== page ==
Supporting participation in paid work of cancer survivors and their partners in the Netherlands: protocol of the SusTained Employability in cancer Patients and their partnerS (STEPS) multi-centre randomized controlled trial and cohort study

Amber D. Zegers, Pieter Coenen*, Ute Bültmann, Valesca Retèl, Jacobien M. Kieffer, Allard J. van der Beek, Saskia F. A. Duijts

*Corresponding author for this work

Research output: Contribution to journalArticleAcademicpeer-review


Background: Many cancer survivors experience physical and/or psychosocial problems affecting return to work (RTW) and work retention. Current interventions on RTW lack evidence regarding effectiveness, while interventions for work retention are missing. Partners of cancer survivors may also experience work- and health-related outcomes; yet, these consequences are not well understood. Here, the protocol of the STEPS study is described. The study aims are to: 1) evaluate the (cost-)effectiveness of a rehabilitation program for RTW and work retention in cancer survivors, and 2) assess health- and work-related outcomes among cancer survivors’ partners. Methods: In a multicentre Randomized Controlled Trial (RCT), 236 working-age cancer survivors with an employment contract will be randomly allocated to a usual care group or an intervention group receiving a multidisciplinary rehabilitation program, combining occupational therapy facilitating work retention (e.g., energy management and self-efficacy training) and reintegration consultation addressing work-related issues (e.g., RTW planning and discussing workplace or task modifications with the supervisor). Alongside the RCT, a prospective cohort study will be conducted among cancer survivors’ partners (n = 267). Participants in the RCT and cohort study will be asked to complete questionnaires at baseline, and after six and 12 months, assessing work- and health-related outcomes. Generalized estimating equations will be used to assess intervention’s effectiveness, compared to usual care, regarding primary (i.e., working hours per week) and secondary outcomes. Also economic and process evaluations will be performed. For the cohort study, logistic or linear regression modelling will be applied assessing work- and health-related outcomes (primary outcome: working hours) of cancer survivors’ partners, and what factors predict these outcomes. Results: The study is planned to start in September 2021; results are expected in 2023. Conclusion: Compared to usual care, the STEPS intervention is hypothesized to be (cost-)effective and the intervention could be a valuable addition to standard care helping cancer survivors to sustain employment. Further, it is expected that living with a cancer survivor has a substantial impact on work and health of partners, while specific groups of partners that are at particular risk for this impact are likely to be identified. Trial registration: Dutch Trial Register (NTR;NL9094; 15-12-2020).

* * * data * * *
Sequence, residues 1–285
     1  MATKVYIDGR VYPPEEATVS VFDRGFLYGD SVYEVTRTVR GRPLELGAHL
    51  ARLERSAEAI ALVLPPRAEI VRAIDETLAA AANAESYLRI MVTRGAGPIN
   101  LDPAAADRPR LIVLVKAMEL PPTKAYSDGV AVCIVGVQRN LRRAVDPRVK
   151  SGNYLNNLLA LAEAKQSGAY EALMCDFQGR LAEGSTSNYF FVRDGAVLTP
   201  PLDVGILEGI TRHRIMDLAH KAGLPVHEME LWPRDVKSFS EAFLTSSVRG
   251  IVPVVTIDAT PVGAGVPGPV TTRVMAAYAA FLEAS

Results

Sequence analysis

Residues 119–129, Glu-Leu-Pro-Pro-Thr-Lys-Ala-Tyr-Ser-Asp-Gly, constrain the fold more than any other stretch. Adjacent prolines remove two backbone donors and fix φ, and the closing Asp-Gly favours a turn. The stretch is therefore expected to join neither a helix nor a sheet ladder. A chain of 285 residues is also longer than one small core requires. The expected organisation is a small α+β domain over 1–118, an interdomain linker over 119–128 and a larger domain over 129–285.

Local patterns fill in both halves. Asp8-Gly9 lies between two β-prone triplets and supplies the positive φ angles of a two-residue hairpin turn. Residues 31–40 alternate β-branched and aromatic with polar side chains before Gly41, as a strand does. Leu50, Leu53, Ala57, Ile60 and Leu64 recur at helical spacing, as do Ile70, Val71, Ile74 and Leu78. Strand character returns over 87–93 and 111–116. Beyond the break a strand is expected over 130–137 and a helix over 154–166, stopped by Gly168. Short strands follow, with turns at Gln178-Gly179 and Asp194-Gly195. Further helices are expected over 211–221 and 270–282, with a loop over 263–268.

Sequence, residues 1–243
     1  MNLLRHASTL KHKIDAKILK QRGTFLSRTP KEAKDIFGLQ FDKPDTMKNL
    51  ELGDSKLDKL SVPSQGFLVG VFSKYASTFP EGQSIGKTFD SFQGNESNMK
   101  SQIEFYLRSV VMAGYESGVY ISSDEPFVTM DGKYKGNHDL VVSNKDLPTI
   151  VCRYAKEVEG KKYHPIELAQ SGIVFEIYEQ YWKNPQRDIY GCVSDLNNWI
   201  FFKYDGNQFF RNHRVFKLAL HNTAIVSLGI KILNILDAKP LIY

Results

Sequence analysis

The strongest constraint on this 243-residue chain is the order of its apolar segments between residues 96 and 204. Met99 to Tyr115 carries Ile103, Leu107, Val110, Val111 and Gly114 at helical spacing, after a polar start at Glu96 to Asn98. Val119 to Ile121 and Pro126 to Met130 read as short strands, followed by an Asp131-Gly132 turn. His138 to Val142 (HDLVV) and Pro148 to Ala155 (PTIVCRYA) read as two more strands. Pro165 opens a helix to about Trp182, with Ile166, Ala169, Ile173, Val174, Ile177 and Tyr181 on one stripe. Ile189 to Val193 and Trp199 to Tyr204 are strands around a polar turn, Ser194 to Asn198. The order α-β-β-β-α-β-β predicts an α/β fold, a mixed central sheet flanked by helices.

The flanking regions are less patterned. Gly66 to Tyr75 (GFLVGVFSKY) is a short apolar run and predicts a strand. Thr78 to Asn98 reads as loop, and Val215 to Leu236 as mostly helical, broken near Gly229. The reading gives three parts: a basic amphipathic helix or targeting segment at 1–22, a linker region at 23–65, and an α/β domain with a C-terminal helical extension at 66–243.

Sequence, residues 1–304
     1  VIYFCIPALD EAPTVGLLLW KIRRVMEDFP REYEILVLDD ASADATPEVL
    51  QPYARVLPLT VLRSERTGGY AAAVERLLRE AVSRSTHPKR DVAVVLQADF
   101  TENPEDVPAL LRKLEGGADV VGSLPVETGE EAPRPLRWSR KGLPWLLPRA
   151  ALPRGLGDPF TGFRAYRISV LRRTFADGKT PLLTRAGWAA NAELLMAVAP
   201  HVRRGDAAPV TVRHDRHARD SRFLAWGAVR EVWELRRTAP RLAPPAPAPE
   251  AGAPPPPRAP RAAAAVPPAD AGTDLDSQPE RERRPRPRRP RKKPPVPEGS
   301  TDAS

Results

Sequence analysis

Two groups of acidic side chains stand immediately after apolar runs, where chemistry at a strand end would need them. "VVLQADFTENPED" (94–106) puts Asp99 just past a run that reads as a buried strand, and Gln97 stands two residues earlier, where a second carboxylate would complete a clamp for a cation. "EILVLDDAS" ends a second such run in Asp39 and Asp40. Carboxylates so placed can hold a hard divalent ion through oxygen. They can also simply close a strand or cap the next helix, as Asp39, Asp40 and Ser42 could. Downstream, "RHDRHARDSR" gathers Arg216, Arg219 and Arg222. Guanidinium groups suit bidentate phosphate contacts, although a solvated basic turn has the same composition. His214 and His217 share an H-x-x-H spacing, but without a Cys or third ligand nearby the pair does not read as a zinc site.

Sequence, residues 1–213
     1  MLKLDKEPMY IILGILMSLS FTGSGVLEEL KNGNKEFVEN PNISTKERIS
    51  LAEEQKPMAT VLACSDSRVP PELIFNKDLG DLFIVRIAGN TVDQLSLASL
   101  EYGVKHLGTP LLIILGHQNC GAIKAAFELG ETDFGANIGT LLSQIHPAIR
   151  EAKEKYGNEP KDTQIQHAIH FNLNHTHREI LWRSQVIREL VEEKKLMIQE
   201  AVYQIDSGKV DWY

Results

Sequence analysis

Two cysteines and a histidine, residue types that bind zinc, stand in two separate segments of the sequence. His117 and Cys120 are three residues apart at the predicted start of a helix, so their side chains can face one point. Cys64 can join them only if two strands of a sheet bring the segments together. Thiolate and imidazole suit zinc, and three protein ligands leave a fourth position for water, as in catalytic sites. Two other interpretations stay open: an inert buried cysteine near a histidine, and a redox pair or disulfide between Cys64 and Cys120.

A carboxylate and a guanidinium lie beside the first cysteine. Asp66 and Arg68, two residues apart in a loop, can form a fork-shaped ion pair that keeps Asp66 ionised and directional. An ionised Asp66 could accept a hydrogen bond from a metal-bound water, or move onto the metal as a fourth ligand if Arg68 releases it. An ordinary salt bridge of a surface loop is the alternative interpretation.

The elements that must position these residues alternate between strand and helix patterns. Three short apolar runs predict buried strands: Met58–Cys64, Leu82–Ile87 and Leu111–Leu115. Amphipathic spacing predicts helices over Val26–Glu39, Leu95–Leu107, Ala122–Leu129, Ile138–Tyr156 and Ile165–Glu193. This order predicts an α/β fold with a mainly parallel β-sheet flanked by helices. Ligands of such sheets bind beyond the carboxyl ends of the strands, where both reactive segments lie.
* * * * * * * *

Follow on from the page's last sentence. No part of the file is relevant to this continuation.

Original languageEnglish
Article number1844
JournalBMC Public Health
Issue number1
Publication statusPublished - 1 Dec 2021

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